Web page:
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Only in America—the astounding life of Madeleine Albright, 1937–2022

R. Albert Mohler Jr. | She fled the Nazis, fled the Soviets, came to America, and became secretary of state


Madeleine Albright during her tenure as secretary of state in 1997 Associated Press/Photo by J. Scott Applewhite

Only in America—the astounding life of Madeleine Albright, 1937–2022

What pin is she wearing today? During tumultuous years in global affairs, diplomats around the world looked to see what pin Madeleine Albright was wearing as she came into a meeting. Albright, at the time the highest-ranking woman in the history of the U.S. government, was known for wearing a bejeweled pin or broach on her lapel or dress. It was meant to send a signal.

Albright, who died Wednesday of cancer at age 84, lived one of the great lives of the 20th century. Born in Prague in 1937, Marie Jana Korbelová entered an extremely dangerous world. Her father, Josef Korbel, was an important diplomat in the service of what was then known as Czechoslovakia. But, in 1939, that nation would suffer a devastating invasion by Nazi Germany, setting the stage for World War II. Young Marie Jana’s Jewish parents took the family to London, where they experienced the full onslaught of the Nazi bombing campaign known as “The Blitz.” The couple also converted to Catholicism. It would be several decades later that Albright would be told of her Jewish ancestry—and of the fact that three of her grandparents had perished in the Holocaust.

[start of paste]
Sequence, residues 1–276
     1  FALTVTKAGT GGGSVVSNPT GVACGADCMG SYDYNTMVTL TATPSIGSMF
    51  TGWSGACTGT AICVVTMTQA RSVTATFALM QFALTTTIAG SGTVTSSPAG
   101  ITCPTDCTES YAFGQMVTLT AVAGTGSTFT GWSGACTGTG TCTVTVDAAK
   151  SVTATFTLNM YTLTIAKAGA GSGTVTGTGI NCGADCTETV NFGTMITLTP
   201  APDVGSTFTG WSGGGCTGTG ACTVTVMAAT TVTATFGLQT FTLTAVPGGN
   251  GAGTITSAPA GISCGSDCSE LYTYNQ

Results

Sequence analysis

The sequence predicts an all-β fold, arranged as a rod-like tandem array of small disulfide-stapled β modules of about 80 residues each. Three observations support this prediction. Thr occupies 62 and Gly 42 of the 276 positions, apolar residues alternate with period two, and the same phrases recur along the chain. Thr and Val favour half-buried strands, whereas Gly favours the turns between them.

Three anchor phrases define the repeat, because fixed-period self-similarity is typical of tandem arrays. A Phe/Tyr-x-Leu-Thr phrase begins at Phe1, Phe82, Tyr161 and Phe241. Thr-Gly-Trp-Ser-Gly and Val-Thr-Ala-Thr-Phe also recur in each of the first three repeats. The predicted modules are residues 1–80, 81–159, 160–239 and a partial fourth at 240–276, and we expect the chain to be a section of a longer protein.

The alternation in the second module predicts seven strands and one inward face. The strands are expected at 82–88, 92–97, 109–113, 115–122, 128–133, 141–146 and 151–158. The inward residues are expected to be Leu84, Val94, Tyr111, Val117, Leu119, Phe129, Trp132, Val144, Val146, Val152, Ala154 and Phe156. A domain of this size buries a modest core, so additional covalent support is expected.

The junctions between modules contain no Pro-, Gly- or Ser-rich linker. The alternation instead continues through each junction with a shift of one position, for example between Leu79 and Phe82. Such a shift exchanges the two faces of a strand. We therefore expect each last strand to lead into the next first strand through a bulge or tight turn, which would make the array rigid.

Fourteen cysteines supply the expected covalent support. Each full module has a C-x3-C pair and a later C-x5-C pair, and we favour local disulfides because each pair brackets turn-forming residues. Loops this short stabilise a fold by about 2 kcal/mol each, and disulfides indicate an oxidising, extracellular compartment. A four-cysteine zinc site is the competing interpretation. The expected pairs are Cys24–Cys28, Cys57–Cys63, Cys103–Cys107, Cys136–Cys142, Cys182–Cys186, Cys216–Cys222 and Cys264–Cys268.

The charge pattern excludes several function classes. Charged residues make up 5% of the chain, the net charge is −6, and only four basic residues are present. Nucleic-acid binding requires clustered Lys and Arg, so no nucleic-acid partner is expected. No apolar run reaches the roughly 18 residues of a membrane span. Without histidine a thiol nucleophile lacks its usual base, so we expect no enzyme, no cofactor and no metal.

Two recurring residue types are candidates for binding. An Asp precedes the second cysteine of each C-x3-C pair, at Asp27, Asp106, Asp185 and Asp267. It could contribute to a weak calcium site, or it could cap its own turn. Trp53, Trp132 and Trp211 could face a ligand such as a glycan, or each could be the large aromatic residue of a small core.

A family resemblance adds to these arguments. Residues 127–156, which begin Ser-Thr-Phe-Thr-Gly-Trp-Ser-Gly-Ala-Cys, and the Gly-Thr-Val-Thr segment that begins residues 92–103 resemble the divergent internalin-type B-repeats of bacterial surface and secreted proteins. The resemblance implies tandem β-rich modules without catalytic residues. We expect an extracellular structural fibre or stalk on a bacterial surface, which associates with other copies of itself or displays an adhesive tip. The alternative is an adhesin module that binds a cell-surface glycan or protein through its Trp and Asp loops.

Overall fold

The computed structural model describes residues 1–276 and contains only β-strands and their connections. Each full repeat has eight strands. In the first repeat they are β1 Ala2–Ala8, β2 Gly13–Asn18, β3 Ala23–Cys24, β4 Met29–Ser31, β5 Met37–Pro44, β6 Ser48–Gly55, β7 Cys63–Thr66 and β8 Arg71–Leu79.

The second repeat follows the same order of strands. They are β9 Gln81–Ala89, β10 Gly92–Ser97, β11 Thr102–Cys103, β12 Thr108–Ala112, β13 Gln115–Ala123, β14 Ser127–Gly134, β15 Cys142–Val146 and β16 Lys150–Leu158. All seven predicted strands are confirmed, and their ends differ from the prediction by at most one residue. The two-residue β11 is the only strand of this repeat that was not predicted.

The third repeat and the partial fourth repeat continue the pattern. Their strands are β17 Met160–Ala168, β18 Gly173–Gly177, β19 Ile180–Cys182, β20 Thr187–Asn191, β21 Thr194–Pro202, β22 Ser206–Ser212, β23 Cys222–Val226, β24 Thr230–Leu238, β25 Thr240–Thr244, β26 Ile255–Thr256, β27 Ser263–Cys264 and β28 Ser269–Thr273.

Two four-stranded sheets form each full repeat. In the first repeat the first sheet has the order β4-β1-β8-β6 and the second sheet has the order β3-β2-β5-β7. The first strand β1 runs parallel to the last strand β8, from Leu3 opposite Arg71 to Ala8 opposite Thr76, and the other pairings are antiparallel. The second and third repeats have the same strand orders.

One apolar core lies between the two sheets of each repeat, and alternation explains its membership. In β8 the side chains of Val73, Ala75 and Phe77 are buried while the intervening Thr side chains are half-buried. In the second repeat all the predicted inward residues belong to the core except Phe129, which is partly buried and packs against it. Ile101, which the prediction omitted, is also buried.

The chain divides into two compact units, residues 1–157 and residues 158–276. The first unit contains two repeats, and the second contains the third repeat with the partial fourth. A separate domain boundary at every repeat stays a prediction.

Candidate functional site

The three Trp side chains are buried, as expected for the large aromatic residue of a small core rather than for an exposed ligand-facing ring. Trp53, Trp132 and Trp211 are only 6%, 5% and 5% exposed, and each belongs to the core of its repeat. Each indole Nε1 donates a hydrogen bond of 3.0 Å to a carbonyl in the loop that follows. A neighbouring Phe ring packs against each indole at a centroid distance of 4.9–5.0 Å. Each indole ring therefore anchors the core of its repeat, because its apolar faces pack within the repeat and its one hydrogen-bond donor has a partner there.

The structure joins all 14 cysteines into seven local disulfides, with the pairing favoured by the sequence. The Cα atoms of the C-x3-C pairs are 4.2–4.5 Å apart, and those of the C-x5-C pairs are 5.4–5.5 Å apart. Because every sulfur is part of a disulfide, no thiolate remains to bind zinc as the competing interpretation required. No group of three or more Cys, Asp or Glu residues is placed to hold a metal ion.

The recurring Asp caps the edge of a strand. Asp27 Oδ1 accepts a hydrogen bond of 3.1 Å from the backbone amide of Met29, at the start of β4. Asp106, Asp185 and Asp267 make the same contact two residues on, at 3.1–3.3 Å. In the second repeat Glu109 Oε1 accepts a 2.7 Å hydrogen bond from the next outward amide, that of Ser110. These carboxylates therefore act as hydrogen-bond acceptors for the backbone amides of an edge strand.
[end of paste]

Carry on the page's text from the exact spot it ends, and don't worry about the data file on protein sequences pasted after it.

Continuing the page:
After the war, the family moved back to Prague, where Josef rejoined the diplomatic corps. But their return turned ominous when it was clear that the Soviet Union would take control of Czechoslovakia. Unwilling for their daughter to be indoctrinated into communism, the Josef sent young Marie Jana to school in Switzerland, where she changed her name to Madeleine. Eventually, the entire family would have to flee the Soviets, and the Czech diplomat brought his family to the United States, where they received political asylum. Madeleine would become an American citizen in 1957.

Her father took a teaching position at the University of Denver. He would eventually become dean, and the university’s school of international relations now bears his name. In one of the strange twists of American history, Josef Korbel would become a mentor to Condoleezza Rice, who would later serve as national security adviser to President George W. Bush and secretary of state.

Madeleine married, took the name Albright, and would go on to earn a doctorate at Columbia University. Foreign affairs was the family business. Albright taught international relations at Georgetown University, entered government service, and would eventually serve on the staff of Zbigniew Brzezinski, a Polish immigrant who had become President Jimmy Carter’s national security adviser and was a famous hard-liner against the Communists.

Albright was known for her smile, her toughness, and for those pins. Some observers noted that if the secretary of state showed up wearing a certain jeweled American eagle, look out.